These 4 diet and lifestyle changes can lower your cancer risk by almost 20%

Source: www.marketwatch.com
Author: Nicole Lyn Pesce

Bad news, booze and beef lovers.

The American Cancer Society has updated its diet and physical activity recommendations to help prevent cancer — and the new guidelines released on Tuesday discourage consuming red meat, processed food, sugar-sweetened drinks — and all alcohol.

The combination of these risk factors (as well as being physically inactive) accounted for at least 18.2% of cancer cases and 15.8% of cancer deaths in the U.S. in 2014, the American Cancer Society reported — making this unhealthy combo the biggest cancer risk factor after cigarette smoking in both men and women.

While the American Cancer Society has advised limiting the consumption of alcoholic drinks to no more to than one per day for women, and two for men since 2012, the new recommendations draw a harder line. “It is best not to drink alcohol,” it says. Period.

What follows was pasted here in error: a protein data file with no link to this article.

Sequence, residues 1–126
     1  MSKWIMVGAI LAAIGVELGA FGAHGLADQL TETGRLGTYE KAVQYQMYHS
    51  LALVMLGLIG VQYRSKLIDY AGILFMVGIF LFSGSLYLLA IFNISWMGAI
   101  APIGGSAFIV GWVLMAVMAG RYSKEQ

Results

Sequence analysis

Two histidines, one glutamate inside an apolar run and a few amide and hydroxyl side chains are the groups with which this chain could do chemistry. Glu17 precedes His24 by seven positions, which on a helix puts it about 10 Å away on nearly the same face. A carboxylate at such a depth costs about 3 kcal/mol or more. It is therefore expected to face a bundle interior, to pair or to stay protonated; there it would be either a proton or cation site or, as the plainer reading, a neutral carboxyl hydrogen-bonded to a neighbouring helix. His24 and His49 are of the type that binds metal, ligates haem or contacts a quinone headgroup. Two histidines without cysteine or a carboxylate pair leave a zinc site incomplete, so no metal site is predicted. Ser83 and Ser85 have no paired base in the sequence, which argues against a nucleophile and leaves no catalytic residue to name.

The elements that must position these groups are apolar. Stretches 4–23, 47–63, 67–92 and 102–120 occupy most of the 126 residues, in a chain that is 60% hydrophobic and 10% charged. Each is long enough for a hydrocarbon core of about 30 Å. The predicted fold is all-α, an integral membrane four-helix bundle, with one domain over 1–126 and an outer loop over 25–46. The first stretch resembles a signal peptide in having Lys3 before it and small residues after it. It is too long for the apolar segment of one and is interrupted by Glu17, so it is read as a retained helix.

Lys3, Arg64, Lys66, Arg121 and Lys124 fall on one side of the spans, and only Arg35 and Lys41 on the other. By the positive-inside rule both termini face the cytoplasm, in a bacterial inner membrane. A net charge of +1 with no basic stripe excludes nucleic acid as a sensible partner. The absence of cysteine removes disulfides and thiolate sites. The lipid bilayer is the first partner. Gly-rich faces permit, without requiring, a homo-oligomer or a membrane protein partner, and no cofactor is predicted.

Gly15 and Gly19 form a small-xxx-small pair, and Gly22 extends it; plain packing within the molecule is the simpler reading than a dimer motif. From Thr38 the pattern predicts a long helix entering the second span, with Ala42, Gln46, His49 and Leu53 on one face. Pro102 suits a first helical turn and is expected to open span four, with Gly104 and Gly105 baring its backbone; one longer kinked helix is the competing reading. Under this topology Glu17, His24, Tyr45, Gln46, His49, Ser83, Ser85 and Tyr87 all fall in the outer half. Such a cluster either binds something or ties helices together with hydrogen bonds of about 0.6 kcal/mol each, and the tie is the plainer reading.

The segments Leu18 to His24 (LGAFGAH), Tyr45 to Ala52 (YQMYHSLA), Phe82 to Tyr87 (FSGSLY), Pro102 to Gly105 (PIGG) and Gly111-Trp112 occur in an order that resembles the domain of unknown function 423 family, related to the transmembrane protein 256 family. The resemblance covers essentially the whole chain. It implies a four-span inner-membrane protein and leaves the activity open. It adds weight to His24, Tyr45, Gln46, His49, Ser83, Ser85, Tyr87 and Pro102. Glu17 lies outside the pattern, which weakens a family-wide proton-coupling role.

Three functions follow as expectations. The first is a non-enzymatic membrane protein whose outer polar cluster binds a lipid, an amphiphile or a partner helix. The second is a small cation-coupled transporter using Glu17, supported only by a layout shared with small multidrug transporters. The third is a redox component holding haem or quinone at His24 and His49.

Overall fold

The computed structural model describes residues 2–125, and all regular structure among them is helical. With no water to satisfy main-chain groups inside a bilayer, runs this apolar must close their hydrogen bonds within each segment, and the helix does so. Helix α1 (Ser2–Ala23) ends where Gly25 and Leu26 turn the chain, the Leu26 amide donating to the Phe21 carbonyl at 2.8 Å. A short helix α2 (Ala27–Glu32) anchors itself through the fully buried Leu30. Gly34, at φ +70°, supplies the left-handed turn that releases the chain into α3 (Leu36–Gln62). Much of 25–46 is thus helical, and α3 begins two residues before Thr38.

For people who still choose to imbibe, the revised guidance reiterates sticking to just one drink a day for women and two for men. And it should be noted that a standard single “drink” is defined as 12 ounces of regular beer, five ounces of wine, and a 1.5-ounce shot of distilled spirits or liquor, which may be smaller than what you actually pour yourself. For example, the University of Cambridge has noted that the average wine glass today holds 15 ounces — or three servings’ worth.

“That recommendation is the synthesis of the evidence and science that finds any amount of alcohol has been shown to increase cancer risk, including breast cancer,” Laura Makaroff, the senior vice president of Prevention & Early Detection at the American Cancer Society, told MarketWatch. “So the recommendation is to limit alcohol. It’s best not to drink, but if you choose to drink, do so in a moderate way.”